AP2, as the kids call it, bravely goes where every sequel has gone before: milking the franchise's most notorious moments through affectionate recreation. While thankfully dropping the unpleasant poo-related episode of the first film, nearly every other scenario is dutifully echoed: Jim is caught inflagrante by mom and dad, Kevin takes plot-turning advice from his older brother (Casey Affleck), an unusual sexual scenario is unwittingly broadcast to a receptive public, Jim's attempts at self-gratification go seriously awry, etc., etc.

The winning ingredient of American Pie was the engaging characters created by its likable cast. Although stories of band camp and a love for baked goods provided memorable comic surprises, they wouldn't have had near the impact if we hadn't been drawn into those situations by an appealing group of friends groping their way through teen-age sexual confusions. Unfortunately, rather than being a sequel about the characters from the first film, AP2 is a sequel to the events of the first film, completely lacking in dramatic or comic narrative tension, but rather jukeboxing a series of the same crass-but-amusing scenarios. Two welcomed retreads are the relentless debauchery of Stifler (Seann William Scott), whose sociopathic hedonism knows no bounds, and Chris Owens' reprise as "The Shermanator." Luckily for this second installment, the characters retain enough charm — largely based on nostalgia for the first film — to provide for an amiable, if uninspired experience. Its unswerving sameness is its greatest gift and its weakest crutch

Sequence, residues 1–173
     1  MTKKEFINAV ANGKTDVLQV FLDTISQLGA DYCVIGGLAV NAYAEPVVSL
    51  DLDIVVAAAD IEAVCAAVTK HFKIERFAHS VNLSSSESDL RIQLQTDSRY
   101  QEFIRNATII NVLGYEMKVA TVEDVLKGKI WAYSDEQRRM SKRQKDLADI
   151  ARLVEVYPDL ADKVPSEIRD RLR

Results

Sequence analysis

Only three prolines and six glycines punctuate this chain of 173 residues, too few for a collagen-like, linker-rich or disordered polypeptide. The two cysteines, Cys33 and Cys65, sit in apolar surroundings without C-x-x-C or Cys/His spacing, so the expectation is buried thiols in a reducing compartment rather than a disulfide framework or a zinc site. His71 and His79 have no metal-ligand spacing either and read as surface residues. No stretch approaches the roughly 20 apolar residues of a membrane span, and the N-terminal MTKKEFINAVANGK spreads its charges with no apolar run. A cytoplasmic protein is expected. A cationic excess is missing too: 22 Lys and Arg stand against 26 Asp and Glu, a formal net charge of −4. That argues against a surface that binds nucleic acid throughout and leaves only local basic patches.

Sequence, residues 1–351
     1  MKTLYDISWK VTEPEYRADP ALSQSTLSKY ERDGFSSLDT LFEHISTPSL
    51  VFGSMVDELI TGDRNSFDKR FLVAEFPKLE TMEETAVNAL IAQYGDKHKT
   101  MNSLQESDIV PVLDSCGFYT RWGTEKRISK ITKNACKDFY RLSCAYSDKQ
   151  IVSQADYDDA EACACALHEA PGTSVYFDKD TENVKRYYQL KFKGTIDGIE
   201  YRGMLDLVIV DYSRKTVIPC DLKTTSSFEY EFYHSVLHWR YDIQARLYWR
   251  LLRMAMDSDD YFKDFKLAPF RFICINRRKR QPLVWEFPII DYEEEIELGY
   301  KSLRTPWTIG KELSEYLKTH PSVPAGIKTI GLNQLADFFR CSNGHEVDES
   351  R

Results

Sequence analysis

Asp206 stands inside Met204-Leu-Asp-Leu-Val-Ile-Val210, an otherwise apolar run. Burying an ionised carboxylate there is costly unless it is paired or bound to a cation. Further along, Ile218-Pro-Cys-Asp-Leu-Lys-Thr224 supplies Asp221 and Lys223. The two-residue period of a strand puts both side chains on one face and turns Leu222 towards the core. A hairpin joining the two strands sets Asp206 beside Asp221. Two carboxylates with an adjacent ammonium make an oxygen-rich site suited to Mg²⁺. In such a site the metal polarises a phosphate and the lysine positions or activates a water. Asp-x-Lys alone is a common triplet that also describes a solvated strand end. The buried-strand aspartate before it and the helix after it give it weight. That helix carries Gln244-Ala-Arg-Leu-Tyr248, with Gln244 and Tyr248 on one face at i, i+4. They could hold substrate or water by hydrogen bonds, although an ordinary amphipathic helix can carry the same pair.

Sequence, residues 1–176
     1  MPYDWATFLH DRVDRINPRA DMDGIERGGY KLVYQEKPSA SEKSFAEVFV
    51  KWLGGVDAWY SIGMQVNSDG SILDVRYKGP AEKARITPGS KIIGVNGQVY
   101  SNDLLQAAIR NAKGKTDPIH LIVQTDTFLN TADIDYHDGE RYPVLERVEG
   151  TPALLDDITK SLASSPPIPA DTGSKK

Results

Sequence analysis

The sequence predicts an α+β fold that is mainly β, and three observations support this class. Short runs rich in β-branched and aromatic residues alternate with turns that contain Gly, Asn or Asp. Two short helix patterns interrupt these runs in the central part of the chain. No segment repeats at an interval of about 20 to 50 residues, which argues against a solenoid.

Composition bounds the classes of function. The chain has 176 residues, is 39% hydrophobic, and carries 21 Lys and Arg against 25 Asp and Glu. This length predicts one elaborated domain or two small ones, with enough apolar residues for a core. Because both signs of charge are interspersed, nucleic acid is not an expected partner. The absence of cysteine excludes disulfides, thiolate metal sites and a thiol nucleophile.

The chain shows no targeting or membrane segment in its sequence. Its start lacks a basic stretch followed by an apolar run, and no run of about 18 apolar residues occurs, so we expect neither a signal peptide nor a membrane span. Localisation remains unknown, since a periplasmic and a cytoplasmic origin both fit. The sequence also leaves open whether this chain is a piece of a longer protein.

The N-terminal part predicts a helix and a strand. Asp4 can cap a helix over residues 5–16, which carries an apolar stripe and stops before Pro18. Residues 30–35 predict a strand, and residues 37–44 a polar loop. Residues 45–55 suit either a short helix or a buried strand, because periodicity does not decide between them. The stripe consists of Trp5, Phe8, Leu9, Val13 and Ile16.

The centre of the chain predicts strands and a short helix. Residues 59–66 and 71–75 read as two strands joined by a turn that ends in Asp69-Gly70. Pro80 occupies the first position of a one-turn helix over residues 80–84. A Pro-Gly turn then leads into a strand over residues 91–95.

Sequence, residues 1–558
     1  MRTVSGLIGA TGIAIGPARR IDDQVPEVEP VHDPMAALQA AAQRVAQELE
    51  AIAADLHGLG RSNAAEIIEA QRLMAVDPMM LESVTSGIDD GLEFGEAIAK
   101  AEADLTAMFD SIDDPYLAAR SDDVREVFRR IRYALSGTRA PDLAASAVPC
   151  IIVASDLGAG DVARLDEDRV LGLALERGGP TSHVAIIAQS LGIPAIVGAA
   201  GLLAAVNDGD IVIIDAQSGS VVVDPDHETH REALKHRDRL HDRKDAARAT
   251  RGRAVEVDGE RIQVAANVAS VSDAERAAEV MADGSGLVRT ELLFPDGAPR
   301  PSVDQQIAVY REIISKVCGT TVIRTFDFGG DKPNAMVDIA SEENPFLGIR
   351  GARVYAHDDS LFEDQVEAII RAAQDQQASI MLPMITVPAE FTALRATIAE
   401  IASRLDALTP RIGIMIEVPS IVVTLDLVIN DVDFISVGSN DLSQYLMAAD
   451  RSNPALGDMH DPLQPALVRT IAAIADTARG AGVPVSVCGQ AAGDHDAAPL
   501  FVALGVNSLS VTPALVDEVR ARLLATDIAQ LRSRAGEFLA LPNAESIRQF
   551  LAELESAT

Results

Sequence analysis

It's notable that screenwriter Adam Hertz is the only member of the original's key creative threesome to return to his original role (AP's directors Chris and Paul Weitz return here as producers, delegating the helm to former assistant director James B. Rogers), betraying the franchise's lack of ambition. Many of the gags are unimaginative — two early ones even rely on characters being comically knocked unconscious by happenstance — although most manage a whif of amusement. Hertz' most inspired, if inevitable, new move is expanding the role of band geek Michelle, which, even though predictable in its outcome, injects fresh air into an increasingly stale room.